If ever I needed a distraction, it’s now. I have never needed poems more than I have this past year, as the isolating effects of the Covid-19 outbreak continue to sink in. It’s almost difficult to read Geater’s debut pamphlet poems for my fbi agent (Bad Betty Press) at this time, such is the dark and surrealist nature of the work, but the poems lift so effortlessly from the page – are so musical, human, and satiric – it’s hard not to be drawn in:
my FBI agent is underpaid & would like to sell
my soul/data/camera roll
but i never do anything interesting.
my agent has never made
love on the clock, is nearsighted
and shaky with a gun.
(‘sympathy for my FBI agent’)
This journeying into the Lynchian world of a near-useless agent and the poet they pursue is welcome escapism. Yet there are deep ties to reality, and the socially isolated ‘norms’ we’ve all come to accept. It’s like reading about the two loneliest souls on Earth – and this is the sad, yet brilliant, humour of the book. The world-weariness that underpins the concise, delicately poised language these poems use to describe the agent’s and poet’s encounters – though fantastical on the surface – is both comic and relatable. Indeed, I recognise my own worn and repetitive self, particularly in the speaker. Some moments echo what was once my own declining mental health, and will surely resonate with other readers too:
let me know if you’re finding it difficult to see
or if anything about my current set up
or tone of voice
makes it hard for you to interpret the feeling
of any particular scene
in front of you
like the mint plant in the kitchen
i am desperately trying to keep alive
(‘i tell my FBI agent an old communist joke’)
The book isn’t just about a poet and their FBI agent, of course (but nothing is obvious here). The agent wants to know so much about the poet, and yet the poet already knows so much about the agent: agent is tired yet persistent in their efforts; poet is sexually charged and ‘stripped down’ for access (‘my FBI agent watches me take off my shirt’). The two are connected; their story is one long breath, exhaled from the first poem to the last.
As with every new book of poems, I’m looking for collective depth. In some books, you unfortunately never actually find it but, with Geater, it’s there from the beginning. I love how many readings this pamphlet can take. My first was for the sheer pull of syntax. I’m on my fifth now, and I’m still unpicking the tenuous lace that interconnects each poem.
Scattered on many pages throughout this book, I have written the phrase: ‘they want to be seen’, and perhaps this is the depth at the heart of it. The more I read poems for my fbi agent, the more poignant it becomes. As well as being wonderfully funny at times, disturbing at others, it is deeply moving: a flagship in the dark asking ‘did you know there’s a world / out there’ (‘my FBI agent watches me take off my shirt’)? A world which the speaker, perhaps, longs to be a part of.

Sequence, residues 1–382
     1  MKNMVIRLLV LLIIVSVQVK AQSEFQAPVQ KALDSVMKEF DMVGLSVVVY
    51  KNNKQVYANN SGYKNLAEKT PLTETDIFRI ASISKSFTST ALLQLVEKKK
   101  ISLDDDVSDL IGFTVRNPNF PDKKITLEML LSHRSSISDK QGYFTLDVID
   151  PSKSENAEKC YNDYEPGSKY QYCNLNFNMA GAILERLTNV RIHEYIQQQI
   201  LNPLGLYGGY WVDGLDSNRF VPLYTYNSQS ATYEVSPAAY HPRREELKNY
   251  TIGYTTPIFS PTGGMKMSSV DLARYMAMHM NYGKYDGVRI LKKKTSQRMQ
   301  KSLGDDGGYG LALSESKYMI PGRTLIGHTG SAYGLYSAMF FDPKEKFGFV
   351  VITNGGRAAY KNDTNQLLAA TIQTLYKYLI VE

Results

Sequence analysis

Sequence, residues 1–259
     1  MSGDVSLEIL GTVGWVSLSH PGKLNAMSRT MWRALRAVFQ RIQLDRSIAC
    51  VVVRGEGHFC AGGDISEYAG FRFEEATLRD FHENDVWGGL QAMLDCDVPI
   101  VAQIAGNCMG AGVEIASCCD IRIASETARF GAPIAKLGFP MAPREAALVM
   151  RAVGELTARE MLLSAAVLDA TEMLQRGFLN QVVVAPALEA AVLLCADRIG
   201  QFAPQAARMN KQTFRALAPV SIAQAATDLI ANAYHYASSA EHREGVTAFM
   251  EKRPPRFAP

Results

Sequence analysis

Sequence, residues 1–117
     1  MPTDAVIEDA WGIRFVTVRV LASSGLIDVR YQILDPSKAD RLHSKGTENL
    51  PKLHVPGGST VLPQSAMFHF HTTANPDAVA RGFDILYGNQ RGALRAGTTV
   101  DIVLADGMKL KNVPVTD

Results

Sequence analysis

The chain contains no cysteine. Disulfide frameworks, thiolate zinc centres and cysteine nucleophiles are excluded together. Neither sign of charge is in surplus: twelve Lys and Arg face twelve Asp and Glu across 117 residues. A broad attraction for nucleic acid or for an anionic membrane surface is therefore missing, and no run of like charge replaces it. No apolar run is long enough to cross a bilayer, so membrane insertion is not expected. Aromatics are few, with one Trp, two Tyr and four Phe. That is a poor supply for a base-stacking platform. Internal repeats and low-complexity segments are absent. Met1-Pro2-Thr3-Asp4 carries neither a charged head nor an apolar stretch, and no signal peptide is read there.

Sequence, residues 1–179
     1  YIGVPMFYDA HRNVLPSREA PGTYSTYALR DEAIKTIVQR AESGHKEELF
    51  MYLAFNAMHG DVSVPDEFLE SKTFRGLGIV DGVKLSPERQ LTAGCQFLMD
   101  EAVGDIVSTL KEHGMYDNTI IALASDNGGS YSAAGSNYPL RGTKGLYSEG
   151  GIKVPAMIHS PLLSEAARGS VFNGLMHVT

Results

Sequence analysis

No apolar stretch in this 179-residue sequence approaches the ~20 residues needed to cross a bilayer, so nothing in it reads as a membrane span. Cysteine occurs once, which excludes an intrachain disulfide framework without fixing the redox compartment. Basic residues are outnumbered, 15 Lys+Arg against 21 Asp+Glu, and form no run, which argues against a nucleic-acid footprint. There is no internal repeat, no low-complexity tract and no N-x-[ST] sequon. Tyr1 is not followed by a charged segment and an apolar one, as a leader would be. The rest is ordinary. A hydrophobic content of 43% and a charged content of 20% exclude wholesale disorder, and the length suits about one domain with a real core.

There’s a crying out of the human soul here. Of needing to be seen. Distance – and the cold reality of social media – is a central theme, and begs the question: how far removed from ourselves or each other have we become? Who are we in this online world; what marks do we make, and what do we lose?:
an archive of keystrokes / is that what you see
and I wonder what red means to data. i wonder about loss, about
the losses that you know …
(‘my FBI agent talks me through my facebook ad settings’)
As the collection advances, the poems become more flesh-like, graphic, almost sinister: ‘the rest of my character / is soft flesh, my beating // the moment your knife knicks’ (‘my FBI tells me about the bureau’s diversity policy’). This is a crucial shift in tone. Initially, Geater lulls you in with wit and tenderness, and then, unapologetically, homes in on real human pain. There’s a dismemberment of sorts: a dismantling and re-mantling of the physical and spiritual form:
form is form is /
drop down to me on your knees
and say: i am older now
and my heart is a soft hiccup
and you can tell who i am from my voice
and some mornings would have murdered me for it
and some days would favour
me with a pink token, a rash of flowers
my lady, i see you for the thing you are
and it is for you i fight
(‘my FBI agent tells me about the bureau’s diversity policy’)
There’s a real, romantic ache within this collection, carefully intermingled with obsession, mental instability, and some violence too. Geater has crafted a sickly, surrealist pull reminiscent of that in Kafka’s The Trial – a world at once unrecognisable and recognised. A similar question is posed in both books: will the speaker ever be free? The final poem releases a glittering sense of both letting go and being freed, though there’s a downfall. It’s a surprising close: echoing ill-fated voyagers, from the Ancient Mariner to Amelia Earhart, but this final, twisted bind is beautiful. It’s here, in the closing lines, that I feel FBI agent and poet – the seeing, and seen – suddenly fuse into one. And then I wonder: perhaps they always were?
Helen Calcutt is a poet, essayist, and professional dance artist. She is the author of three volumes of poetry. Her latest, Somehow (Verve Poetry, 2020), was a PBS Winter Bulletin pamphlet 2020, and a Poetry School Book of the Year 2020 (longlist).